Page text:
There’s nothing more exasperating than being an expert and having to deal with someone who isn’t but is quite certain he or she is. I experience this frequently and I know you do too. And guess what? There’s actually a name for it: the Dunning-Kruger Effect.
Wikipedia defines the Dunning-Kruger Effect like this: “… the phenomenon wherein people who have little knowledge think that they know more than others who have much more knowledge.”
Here’s a good example. Long ago I was interviewing for an ad agency job in Las Vegas. When the guy who owned the small agency found out I was interested in direct response, he began explaining to me that no headline should ever, EVER, be more than seven words. Seven was the magic number. And the magic number was seven. Six, maybe. Sometimes five. But never eight. And certainly not nine. 10 was right out.
When I asked him why, he took on the air of superiority that I didn’t have a name for then and repeated that seven words were magic.
Yup, Dunning-Kruger Effect.
Here’s another example. I was hired by an agency in my home town to consult on an AARP mailing. (I’m not picking on agencies. These are the just the examples that come to mind.) In routine fashion, I analyzed past mailings and determined that, among other things, the most successful direct mail packages used re-positionable tokens. You know, the little stickers that you can remove from one part of a mailer and affix to another part, usually onto the reply form. They often are printed with the words “Yes” or “I accept” or something similar.
During my conversation with the art director, I informed him about the conclusions of my analysis and suggested we create a package with a token. We were walking down the hall toward his office when I said that. He stopped, turned, and with a face that looked like he had just stepped in something foul, said, “We don’t DO stickers. They’re tacky.” He was firm on this and forbade tokens, handwriting, typewriter fonts, starbursts, and a variety of other tactics.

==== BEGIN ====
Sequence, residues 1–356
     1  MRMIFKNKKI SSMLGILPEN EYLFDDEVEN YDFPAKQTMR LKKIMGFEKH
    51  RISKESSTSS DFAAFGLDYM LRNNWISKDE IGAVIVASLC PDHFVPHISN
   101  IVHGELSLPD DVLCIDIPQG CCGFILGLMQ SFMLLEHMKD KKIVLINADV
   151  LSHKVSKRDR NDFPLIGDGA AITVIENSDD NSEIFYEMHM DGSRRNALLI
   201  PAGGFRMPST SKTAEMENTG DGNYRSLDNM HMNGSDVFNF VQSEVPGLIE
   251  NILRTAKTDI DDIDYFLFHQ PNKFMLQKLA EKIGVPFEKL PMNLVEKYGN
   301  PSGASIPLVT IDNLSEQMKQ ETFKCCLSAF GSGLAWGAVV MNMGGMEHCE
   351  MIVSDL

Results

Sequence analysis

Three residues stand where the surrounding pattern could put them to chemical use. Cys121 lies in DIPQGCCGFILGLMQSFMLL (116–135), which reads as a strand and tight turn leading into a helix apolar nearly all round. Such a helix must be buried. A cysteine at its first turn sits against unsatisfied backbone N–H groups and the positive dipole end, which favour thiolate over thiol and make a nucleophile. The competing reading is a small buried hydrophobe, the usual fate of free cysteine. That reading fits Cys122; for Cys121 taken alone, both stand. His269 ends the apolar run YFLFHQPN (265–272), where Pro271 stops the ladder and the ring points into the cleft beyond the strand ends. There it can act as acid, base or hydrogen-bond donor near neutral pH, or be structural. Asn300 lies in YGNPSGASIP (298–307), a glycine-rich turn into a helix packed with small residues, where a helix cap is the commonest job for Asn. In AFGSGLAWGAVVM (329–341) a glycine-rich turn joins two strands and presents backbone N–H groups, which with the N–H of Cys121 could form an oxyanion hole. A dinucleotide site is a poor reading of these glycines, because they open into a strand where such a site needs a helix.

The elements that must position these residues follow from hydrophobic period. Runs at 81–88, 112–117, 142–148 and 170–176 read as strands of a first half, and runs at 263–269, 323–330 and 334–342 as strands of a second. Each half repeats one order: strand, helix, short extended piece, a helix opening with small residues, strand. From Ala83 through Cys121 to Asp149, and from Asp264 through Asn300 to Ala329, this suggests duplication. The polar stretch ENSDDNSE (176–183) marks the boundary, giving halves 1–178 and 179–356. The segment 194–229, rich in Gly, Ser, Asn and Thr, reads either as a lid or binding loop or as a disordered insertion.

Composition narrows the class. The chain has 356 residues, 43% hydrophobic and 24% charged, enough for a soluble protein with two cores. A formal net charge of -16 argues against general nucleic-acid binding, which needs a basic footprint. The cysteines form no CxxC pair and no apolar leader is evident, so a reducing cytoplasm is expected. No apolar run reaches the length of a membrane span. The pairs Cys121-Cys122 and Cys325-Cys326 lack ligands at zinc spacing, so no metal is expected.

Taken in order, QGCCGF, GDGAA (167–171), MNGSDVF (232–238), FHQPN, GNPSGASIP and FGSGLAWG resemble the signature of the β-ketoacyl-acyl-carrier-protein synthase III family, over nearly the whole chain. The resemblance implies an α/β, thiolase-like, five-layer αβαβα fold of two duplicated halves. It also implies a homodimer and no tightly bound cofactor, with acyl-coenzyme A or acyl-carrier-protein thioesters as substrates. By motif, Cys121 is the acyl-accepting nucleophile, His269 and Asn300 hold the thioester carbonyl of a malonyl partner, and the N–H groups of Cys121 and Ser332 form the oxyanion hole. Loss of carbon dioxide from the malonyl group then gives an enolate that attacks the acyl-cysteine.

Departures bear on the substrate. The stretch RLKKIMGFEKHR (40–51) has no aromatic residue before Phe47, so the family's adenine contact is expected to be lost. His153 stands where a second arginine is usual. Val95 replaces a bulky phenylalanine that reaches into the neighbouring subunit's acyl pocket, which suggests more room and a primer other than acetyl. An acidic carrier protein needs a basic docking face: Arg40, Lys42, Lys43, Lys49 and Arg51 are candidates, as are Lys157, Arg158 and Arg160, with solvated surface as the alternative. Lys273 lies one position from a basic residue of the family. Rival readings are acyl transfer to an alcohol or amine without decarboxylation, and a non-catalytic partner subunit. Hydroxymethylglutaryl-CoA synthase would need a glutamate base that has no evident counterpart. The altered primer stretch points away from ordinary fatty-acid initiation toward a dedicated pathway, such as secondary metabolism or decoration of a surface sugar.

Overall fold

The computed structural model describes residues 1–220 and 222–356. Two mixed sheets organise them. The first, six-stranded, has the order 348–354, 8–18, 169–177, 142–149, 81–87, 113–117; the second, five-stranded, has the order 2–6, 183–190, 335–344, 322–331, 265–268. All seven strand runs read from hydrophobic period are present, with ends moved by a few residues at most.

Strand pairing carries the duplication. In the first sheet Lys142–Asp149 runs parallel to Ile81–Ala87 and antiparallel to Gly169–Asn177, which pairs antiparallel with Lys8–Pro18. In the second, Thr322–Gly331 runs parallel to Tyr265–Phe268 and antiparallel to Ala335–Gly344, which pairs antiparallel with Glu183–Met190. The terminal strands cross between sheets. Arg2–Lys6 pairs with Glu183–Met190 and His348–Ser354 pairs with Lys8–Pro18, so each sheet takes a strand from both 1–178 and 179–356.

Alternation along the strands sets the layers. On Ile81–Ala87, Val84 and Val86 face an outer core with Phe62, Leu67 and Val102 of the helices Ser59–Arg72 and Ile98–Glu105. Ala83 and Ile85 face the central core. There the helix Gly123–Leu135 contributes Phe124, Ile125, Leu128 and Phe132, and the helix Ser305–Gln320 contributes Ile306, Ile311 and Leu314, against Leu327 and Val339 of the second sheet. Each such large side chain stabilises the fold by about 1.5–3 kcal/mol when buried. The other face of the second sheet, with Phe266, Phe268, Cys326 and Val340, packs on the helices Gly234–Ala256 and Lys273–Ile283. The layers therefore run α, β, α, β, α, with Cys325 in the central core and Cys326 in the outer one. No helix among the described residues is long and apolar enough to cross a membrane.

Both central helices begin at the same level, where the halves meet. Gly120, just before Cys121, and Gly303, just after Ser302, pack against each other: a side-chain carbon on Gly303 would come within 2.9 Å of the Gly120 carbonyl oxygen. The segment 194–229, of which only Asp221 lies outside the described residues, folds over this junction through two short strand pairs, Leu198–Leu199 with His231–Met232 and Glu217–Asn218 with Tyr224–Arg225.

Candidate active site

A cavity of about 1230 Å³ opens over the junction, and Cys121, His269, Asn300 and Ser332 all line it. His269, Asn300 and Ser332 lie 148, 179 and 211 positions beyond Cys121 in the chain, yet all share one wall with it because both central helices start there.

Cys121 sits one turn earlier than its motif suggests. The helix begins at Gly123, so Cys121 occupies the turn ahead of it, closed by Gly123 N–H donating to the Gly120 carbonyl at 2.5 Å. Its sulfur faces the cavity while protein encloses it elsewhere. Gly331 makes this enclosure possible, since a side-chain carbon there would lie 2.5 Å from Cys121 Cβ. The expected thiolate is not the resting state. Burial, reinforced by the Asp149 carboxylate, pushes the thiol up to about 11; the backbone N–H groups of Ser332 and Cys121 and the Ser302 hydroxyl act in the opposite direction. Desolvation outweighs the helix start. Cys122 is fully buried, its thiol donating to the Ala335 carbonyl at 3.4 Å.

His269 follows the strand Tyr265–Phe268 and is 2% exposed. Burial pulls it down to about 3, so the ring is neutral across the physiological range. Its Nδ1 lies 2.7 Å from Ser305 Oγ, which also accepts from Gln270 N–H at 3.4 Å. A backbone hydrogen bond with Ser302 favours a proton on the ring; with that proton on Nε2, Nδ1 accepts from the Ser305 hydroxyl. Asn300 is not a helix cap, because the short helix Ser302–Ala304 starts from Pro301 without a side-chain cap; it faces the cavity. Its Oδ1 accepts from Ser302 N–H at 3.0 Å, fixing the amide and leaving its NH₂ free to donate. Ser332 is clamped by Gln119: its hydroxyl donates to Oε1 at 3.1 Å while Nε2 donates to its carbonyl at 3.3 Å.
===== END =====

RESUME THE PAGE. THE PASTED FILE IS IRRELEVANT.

So what exactly is this Dunning-Kruger Effect? Well, these two guys named David Dunning and Justin Kruger, both working at Cornell University, ran a series of experiments and published the results in the Journal of Personality and Social Psychology in December 1999.
What they found was that, and I quote, “ignorance more frequently begets confidence than does knowledge.” Specifically they concluded:
- Incompetent individuals tend to overestimate their own level of skill.
- Incompetent individuals fail to recognize genuine skill in others.
- Incompetent individuals fail to recognize the extremity of their inadequacy.
- If they can be trained to substantially improve their own skill level, these individuals can recognize and acknowledge their own previous lack of skill.
Can you see the irony here? Those with the least knowledge and the lowest level of skill tend to be the most confident. And who do people look to for leadership? Those with confidence. So we are destined to be led by the incompetent. Aren’t we? I see it in advertising and marketing. Everyone sees it in politics. It happens in schools (those who can’t, teach). It’s everywhere.
And do you really believe that last point, that those who are incompetent can be trained to be competent and realize their previous incompetence? Hmm. I’m not sure about that.
I don’t have a solution for this. But I do have a suggestion. Whenever this happens to you, I want you to take a deep breath and say, “Dunning-Kruger Effect.” Don’t explain. Just say it and walk away. The ninny won’t know what it means and will be too stupid to look it up.
But you’ll feel a whole lot better.
We won’t call it an inside joke. Let’s call it healthy coping.